In my first post, I covered the essentials of my development environment. It was mostly a laundry list of my essential tools and a bit of what my personal setup looks like. Of course, it takes more than a pile of tools to master your workflow. Mastery of your tools means understanding how to use it for different scenarios and finding efficient ways to accomplish your work. This ultimately leads to an increase in productivity, happiness and reduced frustrations for the developer. It goes without saying that I think this is important. In fact, I would go so far as saying that mastering your tools is as important as your mastering your other skills.
When it comes down to it, it essentially means knowing a few key tools really well. I think many of the tools can vastly improve your workflow even if you only know the basics. For a full stack developer, I would say you want mastery over one tool at each level of your workflow. This would likely include your terminal, IDE/editor, and browser. For me, that includes the terminal & TMUX, VIM and my browser. For the terminal, you should know your basic Linux and be competent in a popular version control tool like Git. For your editor, you should know your most commonly needed shortcuts and be on the lookout for new ones as you need it.
As mentioned in part one, I think it’s important to continually improve your workflow as you grow as a developer. You spend thousands of hours working in your dev environment. Spending extra time outside of your day-to-day work to improve it will pay back in dividends down the road. When you see yourself repeating tasks that seem more difficult than they should be, that’s the time to look up a new shortcut within your tool set or find a tool that compliments your work. I would recommend reflecting on your pain paints once every month and make incremental changes over time.
Besides knowing your tools, you should have scripts at your disposal for your most common tasks. I work with a VIM and TMUX workflow so I have three scripts for firing up my work when I need to boot up a fresh session. This might happen after a restart or when I’m changing from one project to another. For example, I have two terminals and one starts up my servers and services and one fires up my development environment. In my development environment, I have 4 windows for my rails work: rails console, tests (runs guard by default), work (opens in VIM), and a spare bash (because sometimes I don’t want to be in the background of my work window).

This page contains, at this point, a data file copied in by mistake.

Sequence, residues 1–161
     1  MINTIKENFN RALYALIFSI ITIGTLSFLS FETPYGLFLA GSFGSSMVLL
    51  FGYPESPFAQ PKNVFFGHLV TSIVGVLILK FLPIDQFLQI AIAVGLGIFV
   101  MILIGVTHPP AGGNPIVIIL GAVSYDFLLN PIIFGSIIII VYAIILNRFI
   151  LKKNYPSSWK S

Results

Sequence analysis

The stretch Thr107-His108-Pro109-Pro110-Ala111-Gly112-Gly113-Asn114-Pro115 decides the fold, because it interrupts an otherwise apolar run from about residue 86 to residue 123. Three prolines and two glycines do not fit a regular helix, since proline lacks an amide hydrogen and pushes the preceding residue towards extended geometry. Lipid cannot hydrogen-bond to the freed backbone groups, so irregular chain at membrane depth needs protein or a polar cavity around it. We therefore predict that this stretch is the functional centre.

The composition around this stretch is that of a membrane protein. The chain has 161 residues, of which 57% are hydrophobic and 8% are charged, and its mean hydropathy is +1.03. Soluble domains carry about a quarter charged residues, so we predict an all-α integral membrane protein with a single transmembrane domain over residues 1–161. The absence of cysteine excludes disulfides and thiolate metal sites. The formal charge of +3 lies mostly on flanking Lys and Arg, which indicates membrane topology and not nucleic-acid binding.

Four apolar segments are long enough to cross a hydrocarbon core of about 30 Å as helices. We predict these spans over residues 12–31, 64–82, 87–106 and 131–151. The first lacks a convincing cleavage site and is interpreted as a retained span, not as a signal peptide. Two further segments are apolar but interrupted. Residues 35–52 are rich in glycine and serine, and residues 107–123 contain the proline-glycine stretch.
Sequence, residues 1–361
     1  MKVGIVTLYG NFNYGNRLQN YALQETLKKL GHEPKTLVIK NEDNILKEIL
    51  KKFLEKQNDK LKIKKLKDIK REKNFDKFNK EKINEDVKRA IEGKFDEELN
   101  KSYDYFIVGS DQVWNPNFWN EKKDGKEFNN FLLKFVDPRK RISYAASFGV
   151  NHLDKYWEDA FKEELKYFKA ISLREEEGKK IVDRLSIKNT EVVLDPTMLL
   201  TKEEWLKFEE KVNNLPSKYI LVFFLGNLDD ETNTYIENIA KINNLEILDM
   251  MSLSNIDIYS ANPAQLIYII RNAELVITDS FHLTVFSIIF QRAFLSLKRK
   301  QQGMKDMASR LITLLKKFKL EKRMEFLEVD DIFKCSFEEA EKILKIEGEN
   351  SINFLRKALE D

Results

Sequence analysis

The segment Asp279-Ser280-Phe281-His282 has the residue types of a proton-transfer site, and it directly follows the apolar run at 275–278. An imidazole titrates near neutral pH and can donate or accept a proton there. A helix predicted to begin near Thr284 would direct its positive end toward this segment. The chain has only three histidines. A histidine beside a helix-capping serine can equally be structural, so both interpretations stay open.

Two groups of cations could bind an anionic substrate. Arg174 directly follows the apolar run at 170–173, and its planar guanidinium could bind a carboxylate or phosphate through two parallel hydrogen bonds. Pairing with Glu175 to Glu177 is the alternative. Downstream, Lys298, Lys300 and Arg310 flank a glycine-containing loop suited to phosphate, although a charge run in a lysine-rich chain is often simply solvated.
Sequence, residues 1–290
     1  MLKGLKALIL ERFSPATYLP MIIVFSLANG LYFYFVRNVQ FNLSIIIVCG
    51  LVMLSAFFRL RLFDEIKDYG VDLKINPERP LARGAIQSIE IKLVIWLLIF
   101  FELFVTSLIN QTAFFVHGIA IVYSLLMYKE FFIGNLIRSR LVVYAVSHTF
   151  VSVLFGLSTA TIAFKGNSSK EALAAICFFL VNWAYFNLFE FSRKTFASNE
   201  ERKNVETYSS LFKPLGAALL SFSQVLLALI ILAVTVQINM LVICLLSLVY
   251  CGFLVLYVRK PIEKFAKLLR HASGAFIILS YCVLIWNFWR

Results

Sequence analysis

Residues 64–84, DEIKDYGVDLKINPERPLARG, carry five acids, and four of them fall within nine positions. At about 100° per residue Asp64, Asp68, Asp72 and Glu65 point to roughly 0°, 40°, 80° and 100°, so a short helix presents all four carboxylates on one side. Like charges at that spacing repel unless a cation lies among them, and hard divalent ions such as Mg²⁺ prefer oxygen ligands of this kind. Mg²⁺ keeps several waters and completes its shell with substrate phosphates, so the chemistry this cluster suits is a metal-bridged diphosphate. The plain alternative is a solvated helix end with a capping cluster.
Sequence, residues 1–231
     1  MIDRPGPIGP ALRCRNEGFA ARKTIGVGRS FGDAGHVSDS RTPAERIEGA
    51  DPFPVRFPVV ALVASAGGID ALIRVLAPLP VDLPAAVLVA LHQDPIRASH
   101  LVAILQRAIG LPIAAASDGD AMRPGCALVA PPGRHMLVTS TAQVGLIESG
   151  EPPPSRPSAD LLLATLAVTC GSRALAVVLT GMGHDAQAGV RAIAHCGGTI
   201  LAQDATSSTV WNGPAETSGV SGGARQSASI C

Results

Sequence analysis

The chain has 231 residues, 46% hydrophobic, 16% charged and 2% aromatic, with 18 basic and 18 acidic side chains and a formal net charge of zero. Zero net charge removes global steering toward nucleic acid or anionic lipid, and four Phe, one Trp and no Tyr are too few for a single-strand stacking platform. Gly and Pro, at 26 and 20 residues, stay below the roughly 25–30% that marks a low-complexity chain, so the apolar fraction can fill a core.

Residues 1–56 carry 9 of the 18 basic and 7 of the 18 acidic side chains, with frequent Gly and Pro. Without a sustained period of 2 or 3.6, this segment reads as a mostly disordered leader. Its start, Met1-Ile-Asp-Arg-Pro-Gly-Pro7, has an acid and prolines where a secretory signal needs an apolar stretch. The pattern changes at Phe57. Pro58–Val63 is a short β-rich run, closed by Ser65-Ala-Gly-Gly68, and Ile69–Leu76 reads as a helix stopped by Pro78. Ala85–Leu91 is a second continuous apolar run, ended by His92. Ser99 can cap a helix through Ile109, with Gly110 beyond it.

While I don’t have a complicated setup, I prefer this configuration over tabs because I’m quite the butter fingers and sometimes I will close out a whole terminal window. The nice benefit of persistent sessions has always proved useful in this case. I also use some plugins to allow me to send (one or more) tests to specific windows (in my case, the test window).
Another must have for developers should be version controlling all your configurations (dotfiles). Like many people, I have a repo for my dotfiles on Github so I can pull them onto another computer if ever needed. If there is anything that is useful for your setup that you can version control, you should do it. It’s a great way to back up config files.
This is a nice segue into Git. I mentioned in 5 things coding taught me that I freaken love Git. It’s true. It’s my favourite tool. It’s indispensable for tracking your projects and highly useful for any text files you want to track and access to on other computers. Mastering the basics of collaborative workflow in Git is a must and truly mastering Git will improve your workflow immensely.
There lots more that can be said about workflow and development environments, but everyone has their own way of doings things. If you’re still new to customizing your tool set, I suggest giving some of my suggestions a try.
Hope you enjoyed my little feature on dev environments. Feel free to leave a comment on any ideas or suggestions you have. Happy coding!
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